Joe Biden's mission in Europe: Shore up alliance against Russia

Washington: President Joe Biden is out to sustain the global alliance punishing Russia for its invasion of Ukraine as he embarks on a five-day trip to Europe as the four-month-old war shows no sign of abating and its aftershocks to global food and energy supplies are deepening.

Biden first joins a meeting of the Group of Seven leading economic powers in the Bavarian Alps of Germany and later travels to Madrid for a summit with leaders of the 30 NATO countries. The visit comes as the global coalition to bolster Ukraine and punish Russia for its aggression has showed signs of fraying amid skyrocketing inflation in food and energy prices caused by the conflict.

The Ukraine war has entered a more attritional phase since Biden's last trip to Europe in March, just weeks after Russia launched its assault. At that time, he met with allies in Brussels as Ukraine was under regular bombardment and he tried to reassure Eastern Europe partners in Poland that they would not be the next to face an incursion by Moscow.

Russian's subsequent retreat from western Ukraine and regrouping in the east has shifted the conflict to one of artillery battles and bloody house-to-house fighting in the country's industrial heartland, the Donbas region.

While U.S. officials see broad consensus for maintaining the pressure on Russia and sustaining support for Ukraine in the near term, they view Biden's trip as an opportunity to align strategy for both the conflict and its global ramifications heading into the winter and beyond.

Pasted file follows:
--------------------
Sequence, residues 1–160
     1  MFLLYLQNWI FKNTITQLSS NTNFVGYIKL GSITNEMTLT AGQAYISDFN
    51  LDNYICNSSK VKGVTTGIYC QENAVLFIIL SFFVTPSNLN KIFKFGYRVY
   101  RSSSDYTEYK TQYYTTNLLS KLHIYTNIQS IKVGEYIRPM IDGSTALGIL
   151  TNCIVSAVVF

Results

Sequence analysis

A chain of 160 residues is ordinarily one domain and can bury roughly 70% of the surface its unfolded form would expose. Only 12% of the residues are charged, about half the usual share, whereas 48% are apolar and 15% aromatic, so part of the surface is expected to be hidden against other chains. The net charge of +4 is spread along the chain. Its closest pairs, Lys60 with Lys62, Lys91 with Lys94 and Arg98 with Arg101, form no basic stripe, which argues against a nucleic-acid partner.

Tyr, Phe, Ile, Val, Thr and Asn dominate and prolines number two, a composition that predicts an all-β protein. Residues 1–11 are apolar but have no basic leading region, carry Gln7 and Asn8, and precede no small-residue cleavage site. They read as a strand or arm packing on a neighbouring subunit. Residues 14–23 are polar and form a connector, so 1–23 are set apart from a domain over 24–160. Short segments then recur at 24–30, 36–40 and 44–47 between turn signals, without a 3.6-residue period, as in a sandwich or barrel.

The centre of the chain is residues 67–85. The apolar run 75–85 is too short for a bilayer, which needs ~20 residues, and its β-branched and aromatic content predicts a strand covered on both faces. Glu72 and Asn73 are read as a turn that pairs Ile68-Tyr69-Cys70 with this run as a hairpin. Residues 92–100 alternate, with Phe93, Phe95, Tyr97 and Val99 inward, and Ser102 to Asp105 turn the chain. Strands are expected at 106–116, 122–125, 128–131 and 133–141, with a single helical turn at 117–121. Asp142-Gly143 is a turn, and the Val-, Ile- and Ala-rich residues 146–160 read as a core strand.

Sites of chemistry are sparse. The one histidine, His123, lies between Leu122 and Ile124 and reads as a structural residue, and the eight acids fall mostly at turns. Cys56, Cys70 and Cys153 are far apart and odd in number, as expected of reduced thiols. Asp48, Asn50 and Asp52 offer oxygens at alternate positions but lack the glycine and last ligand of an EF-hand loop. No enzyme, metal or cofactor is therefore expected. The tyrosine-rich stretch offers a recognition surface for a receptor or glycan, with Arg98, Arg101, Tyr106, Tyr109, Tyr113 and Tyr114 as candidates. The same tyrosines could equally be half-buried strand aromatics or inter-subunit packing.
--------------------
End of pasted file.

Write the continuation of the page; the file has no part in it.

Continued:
Allies differ over whether their goals are merely to restore peace or to force Russia to pay a deeper price for the conflict to prevent its repetition.

Every country speaks for themselves, every country has concerns for what they're willing to do or not do," said John Kirby, spokesman for the White House National Security Council. But as far as the alliance goes, it truly has never been stronger and more viable than it is today.

Ukraine's president, Volodymyr Zelenskyy, is set to address both summits by video. The U.S. and allies have shipped his country billions of dollars in military assistance and imposed ever stricter sanctions on Russia over the invasion.

Kirby said the allies would be making new commitments during the summits to further sever Russia from the global economy. The aim is to make it more difficult for Moscow to acquire technology to rebuild the arsenal it has depleted in Ukraine and to crack down on sanctions evasion by Russia and its oligarchs.

G-7 summits have traditionally put global finance issues front and center, but amid soaring inflation in the U.S. and Europe, few concrete actions are expected.

There are different drivers of inflation in these various economies, different things that can be used to address it, said Josh Lipsky, director of the Atlantic Council's GeoEconomics Center. He foresees a lack of an ability to do something coordinated on inflation, other than really talk about the problem.

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